Just love your Tiel, Sit next to them and talk or read books and let them know your struggles too.
 

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Spot on mate. If this little guy is becoming defensive when he is at his mirror toy, then that should tell you something. The Tiel doesn’t know he’s been “rescued” as the original poster so confidently boasts. He only knows that things are really different now! Better consult the mirror! The learning curve of a Tiel is measured in months. The point of obsessive behavior becomes moot. I’m alway amazed when owners try to project the human condition into the Avian world. Bird Beak Pet supply Drink Bird supply
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Spot on mate. If this little guy is becoming defensive when he is at his mirror toy, then that should tell you something. The Tiel doesn’t know he’s been “rescued” as the original poster so confidently boasts. He only knows that things are really different now! Better consult the mirror! The learning curve of a Tiel is measured in months. The point of obsessive behavior becomes moot. I’m alway amazed when owners try to project the human condition into the Avian world. View attachment 96329 View attachment 96330 View attachment 96331 View attachment 96332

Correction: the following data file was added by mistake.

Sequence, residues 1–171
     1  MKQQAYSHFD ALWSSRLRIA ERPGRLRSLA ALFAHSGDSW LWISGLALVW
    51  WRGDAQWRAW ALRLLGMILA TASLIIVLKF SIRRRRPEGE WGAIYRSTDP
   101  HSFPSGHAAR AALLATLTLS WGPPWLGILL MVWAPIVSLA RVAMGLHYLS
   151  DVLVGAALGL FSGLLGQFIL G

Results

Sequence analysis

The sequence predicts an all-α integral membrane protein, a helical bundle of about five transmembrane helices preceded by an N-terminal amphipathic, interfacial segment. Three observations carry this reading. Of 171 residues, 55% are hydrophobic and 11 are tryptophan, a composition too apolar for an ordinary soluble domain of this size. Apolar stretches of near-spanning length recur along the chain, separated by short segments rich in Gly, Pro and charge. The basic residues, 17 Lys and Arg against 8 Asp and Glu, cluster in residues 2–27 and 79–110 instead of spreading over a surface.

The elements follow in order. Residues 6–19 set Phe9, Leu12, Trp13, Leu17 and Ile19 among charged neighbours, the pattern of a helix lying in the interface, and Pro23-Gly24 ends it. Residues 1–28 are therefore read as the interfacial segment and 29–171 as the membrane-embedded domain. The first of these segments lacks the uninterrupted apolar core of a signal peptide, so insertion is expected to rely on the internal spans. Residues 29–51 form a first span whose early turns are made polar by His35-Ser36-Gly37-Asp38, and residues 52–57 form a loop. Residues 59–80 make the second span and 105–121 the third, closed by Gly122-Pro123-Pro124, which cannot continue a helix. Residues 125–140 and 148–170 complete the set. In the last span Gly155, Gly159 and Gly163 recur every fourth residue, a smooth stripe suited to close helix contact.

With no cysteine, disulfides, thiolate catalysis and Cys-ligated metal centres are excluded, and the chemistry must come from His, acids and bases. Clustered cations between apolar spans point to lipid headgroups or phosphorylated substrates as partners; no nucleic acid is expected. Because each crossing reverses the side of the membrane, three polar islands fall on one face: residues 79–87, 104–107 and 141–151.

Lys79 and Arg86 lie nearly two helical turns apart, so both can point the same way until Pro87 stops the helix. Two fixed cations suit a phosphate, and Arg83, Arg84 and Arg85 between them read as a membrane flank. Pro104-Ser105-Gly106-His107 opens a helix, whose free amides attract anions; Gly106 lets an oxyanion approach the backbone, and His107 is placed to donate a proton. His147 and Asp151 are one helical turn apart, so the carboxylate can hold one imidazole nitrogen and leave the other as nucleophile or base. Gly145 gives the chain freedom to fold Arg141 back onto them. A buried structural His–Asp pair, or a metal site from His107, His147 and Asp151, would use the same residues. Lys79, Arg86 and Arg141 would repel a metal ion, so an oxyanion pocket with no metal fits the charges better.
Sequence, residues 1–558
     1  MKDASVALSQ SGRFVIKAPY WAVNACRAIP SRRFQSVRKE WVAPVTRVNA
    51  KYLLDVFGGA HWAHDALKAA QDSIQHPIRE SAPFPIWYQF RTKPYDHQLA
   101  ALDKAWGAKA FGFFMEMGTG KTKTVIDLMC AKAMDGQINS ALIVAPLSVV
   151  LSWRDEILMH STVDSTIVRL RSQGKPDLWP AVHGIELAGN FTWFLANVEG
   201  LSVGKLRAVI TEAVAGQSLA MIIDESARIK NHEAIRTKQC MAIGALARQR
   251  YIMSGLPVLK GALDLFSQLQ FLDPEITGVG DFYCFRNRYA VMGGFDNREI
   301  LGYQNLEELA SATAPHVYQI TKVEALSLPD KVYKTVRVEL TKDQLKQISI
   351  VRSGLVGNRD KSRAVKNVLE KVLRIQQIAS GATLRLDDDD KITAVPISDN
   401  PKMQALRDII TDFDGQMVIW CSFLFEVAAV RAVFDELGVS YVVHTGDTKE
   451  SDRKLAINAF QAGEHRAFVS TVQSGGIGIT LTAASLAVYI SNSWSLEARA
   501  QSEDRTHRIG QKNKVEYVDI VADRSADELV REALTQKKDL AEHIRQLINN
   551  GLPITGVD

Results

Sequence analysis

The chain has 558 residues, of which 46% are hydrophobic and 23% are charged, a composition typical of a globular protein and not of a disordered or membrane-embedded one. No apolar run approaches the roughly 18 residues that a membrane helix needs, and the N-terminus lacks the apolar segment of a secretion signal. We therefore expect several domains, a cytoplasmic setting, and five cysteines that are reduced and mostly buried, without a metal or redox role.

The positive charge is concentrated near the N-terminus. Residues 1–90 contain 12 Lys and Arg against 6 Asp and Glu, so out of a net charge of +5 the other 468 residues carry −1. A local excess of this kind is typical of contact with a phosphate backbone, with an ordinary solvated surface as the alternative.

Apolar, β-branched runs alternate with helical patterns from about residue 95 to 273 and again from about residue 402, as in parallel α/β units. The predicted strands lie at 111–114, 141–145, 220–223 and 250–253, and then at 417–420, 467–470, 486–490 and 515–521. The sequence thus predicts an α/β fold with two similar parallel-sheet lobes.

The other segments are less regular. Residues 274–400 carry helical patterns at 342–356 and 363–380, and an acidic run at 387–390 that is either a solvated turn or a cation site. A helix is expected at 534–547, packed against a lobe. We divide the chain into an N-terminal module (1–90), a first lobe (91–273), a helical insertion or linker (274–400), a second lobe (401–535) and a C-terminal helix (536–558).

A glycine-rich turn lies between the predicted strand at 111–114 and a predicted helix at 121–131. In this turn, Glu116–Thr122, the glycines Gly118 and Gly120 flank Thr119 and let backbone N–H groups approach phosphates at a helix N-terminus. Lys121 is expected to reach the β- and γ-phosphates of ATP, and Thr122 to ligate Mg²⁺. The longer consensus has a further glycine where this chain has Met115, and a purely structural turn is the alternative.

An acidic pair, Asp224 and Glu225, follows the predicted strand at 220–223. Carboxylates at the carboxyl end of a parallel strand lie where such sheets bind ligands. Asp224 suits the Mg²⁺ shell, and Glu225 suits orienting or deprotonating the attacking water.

Spot on mate. If this little guy is becoming defensive when he is at his mirror toy, then that should tell you something. The Tiel doesn’t know he’s been “rescued” as the original poster so confidently boasts. He only knows that things are really different now! Better consult the mirror! The learning curve of a Tiel is measured in months. The point of obsessive behavior becomes moot. I’m alway amazed when owners try to project the human condition into the Avian world. View attachment 96329 View attachment 96330 View attachment 96331 View attachment 96332
Funny how she seems to understand when I talk to him. She is wise beyond her years.
 

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Discussion Starter · #9 ·
Thanks for the responses. My intuition was telling me exactly what you are saying. I have had numerous people on other forums tell me to pull the mirror and move to the new cage immediately. This seemed pretty harsh given the fact that this is a 20+-year-old bird, who isn't really fond of us yet, and is used to having a mirror. I am fine with letting it live the rest of its life with the mirror if that is the best option. I will give it some time and see how things go.
 

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Talk to him quietly. Interact with him during mealtimes. Invite him to eat with you. I think you will see the results you are looking for. You may hit on the routine that he was used to with the previous owners. Or better yet if possible contact the people and ask them what was their daily routine.
 

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Not sure what the attitude is about. I am also glad I am not your owner.